When Future Islands released their fourth album, 2014's Singles, the band had just nailed a Late Show appearance from which frontman Samuel T. Herring became meme-ified. Their single "Seasons (Waiting on You)" became one of the year's bona fide hits, and the Baltimore band achieved household name status.
For their fifth album, The Far Field, the trio find themselves in the position of satiating an audience that wasn't previously there. They've evolved significantly since the release of their feverish debut, 2008's Wave Like Home, but instead of messing with a winning formula, they've decided to keep moving forward with the charismatic synth-pop they established on Singles.
Central to The Far Field is its sense of immediacy. The consistent pulse that flows through these songs (most notably the motorik pacing of "Ran" and "Cave") acts like a heartbeat for the album, while William Cashion's bass lines and Gerrit Welmers' synth-y tones nicely frame the album's emotional journey. Herring's husky, governing voice is the guiding beacon.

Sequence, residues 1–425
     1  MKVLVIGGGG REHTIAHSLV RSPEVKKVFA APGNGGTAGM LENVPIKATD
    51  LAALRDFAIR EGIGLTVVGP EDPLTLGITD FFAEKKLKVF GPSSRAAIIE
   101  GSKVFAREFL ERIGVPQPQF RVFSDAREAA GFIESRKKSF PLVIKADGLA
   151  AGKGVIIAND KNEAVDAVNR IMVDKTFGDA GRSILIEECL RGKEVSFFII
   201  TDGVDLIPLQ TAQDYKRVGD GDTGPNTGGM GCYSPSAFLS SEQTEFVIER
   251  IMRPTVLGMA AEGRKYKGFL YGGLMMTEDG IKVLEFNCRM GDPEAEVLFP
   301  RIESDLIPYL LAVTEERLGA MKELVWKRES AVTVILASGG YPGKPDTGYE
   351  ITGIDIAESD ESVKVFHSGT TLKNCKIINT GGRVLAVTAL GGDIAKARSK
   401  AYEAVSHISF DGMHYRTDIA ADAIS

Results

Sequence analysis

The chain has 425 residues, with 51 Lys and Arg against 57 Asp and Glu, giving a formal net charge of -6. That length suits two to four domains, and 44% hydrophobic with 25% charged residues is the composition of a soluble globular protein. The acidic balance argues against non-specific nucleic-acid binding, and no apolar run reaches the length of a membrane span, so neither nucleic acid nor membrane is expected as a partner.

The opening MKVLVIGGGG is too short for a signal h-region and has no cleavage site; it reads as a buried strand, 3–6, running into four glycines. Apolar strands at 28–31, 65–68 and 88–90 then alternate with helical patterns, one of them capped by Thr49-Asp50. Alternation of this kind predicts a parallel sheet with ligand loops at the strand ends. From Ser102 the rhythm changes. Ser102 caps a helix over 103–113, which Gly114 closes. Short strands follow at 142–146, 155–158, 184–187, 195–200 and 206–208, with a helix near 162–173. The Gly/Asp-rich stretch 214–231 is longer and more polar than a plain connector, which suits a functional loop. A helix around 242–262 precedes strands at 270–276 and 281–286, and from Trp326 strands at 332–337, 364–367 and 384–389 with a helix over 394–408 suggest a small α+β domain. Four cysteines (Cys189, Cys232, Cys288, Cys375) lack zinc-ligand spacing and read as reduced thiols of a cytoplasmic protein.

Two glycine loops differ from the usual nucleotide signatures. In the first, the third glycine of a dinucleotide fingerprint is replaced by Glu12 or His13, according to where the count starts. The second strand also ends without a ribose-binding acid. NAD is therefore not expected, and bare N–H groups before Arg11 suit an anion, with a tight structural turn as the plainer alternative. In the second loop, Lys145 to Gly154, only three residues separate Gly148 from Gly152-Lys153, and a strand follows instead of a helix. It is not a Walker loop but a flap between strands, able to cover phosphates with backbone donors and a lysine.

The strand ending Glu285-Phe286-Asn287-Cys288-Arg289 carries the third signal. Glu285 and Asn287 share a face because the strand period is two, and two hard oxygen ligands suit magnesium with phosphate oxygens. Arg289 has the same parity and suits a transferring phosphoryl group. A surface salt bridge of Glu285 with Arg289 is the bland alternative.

This is pop music designed to give you all the feels, and even with a disruptive pseudo-reggae track thrown into the mix ("Candles"), Future Islands prove that they can do it better than anyone else right now.
Critics may balk at how safe The Far Field sounds, when you take into account some of the creative risks Future Islands previously took, but when you've come such a long way and found something good, why not just follow that template and get better? That's what the band have done with The Far Field, and to quote David Letterman: "I'll take all of that you got!" (4AD)